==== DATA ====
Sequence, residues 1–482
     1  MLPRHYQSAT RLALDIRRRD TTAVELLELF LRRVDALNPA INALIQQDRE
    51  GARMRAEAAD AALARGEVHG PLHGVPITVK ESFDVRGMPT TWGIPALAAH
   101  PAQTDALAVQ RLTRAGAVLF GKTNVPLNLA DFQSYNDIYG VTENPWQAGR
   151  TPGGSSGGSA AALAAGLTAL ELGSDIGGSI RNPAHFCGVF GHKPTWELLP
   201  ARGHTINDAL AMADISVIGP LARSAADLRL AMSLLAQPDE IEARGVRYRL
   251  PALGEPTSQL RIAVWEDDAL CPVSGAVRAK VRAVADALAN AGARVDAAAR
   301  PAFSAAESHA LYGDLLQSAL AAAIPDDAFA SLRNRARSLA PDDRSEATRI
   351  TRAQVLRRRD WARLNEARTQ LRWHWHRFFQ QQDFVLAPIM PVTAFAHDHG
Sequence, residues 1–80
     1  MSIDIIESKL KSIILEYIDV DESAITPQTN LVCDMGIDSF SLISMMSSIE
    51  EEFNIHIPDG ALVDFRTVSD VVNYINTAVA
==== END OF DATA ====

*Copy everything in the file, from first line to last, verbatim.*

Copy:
Sequence, residues 1–482
     1  MLPRHYQSAT RLALDIRRRD TTAVELLELF LRRVDALNPA INALIQQDRE
    51  GARMRAEAAD AALARGEVHG PLHGVPITVK ESFDVRGMPT TWGIPALAAH
   101  PAQTDALAVQ RLTRAGAVLF GKTNVPLNLA DFQSYNDIYG VTENPWQAGR
   151  TPGGSSGGSA AALAAGLTAL ELGSDIGGSI RNPAHFCGVF GHKPTWELLP
   201  ARGHTINDAL AMADISVIGP LARSAADLRL AMSLLAQPDE IEARGVRYRL
   251  PALGEPTSQL RIAVWEDDAL CPVSGAVRAK VRAVADALAN AGARVDAAAR
   301  PAFSAAESHA LYGDLLQSAL AAAIPDDAFA SLRNRARSLA PDDRSEATRI
   351  TRAQVLRRRD WARLNEARTQ LRWHWHRFFQ QQDFVLAPIM PVTAFAHDHG
Sequence, residues 1–80
     1  MSIDIIESKL KSIILEYIDV DESAITPQTN LVCDMGIDSF SLISMMSSIE
    51  EEFNIHIPDG ALVDFRTVSD VVNYINTAVA